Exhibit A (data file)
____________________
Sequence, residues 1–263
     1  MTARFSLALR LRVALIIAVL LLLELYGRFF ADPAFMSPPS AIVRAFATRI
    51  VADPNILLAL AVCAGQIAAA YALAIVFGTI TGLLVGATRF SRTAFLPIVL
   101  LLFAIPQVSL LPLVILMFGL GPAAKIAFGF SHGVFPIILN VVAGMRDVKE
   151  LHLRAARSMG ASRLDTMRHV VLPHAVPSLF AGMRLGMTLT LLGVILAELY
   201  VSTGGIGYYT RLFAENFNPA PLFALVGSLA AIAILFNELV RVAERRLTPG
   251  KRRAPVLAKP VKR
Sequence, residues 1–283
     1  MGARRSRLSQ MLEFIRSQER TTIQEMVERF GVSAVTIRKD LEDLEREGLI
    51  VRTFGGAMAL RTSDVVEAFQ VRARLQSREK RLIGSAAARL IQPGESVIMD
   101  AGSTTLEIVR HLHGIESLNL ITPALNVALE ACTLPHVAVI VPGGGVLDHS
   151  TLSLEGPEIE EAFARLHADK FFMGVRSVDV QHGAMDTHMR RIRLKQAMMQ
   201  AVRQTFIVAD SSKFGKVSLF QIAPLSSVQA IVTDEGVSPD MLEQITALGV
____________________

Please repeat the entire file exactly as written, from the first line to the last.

Sequence, residues 1–263
     1  MTARFSLALR LRVALIIAVL LLLELYGRFF ADPAFMSPPS AIVRAFATRI
    51  VADPNILLAL AVCAGQIAAA YALAIVFGTI TGLLVGATRF SRTAFLPIVL
   101  LLFAIPQVSL LPLVILMFGL GPAAKIAFGF SHGVFPIILN VVAGMRDVKE
   151  LHLRAARSMG ASRLDTMRHV VLPHAVPSLF AGMRLGMTLT LLGVILAELY
   201  VSTGGIGYYT RLFAENFNPA PLFALVGSLA AIAILFNELV RVAERRLTPG
   251  KRRAPVLAKP VKR
Sequence, residues 1–283
     1  MGARRSRLSQ MLEFIRSQER TTIQEMVERF GVSAVTIRKD LEDLEREGLI
    51  VRTFGGAMAL RTSDVVEAFQ VRARLQSREK RLIGSAAARL IQPGESVIMD
   101  AGSTTLEIVR HLHGIESLNL ITPALNVALE ACTLPHVAVI VPGGGVLDHS
   151  TLSLEGPEIE EAFARLHADK FFMGVRSVDV QHGAMDTHMR RIRLKQAMMQ
   201  AVRQTFIVAD SSKFGKVSLF QIAPLSSVQA IVTDEGVSPD MLEQITALGV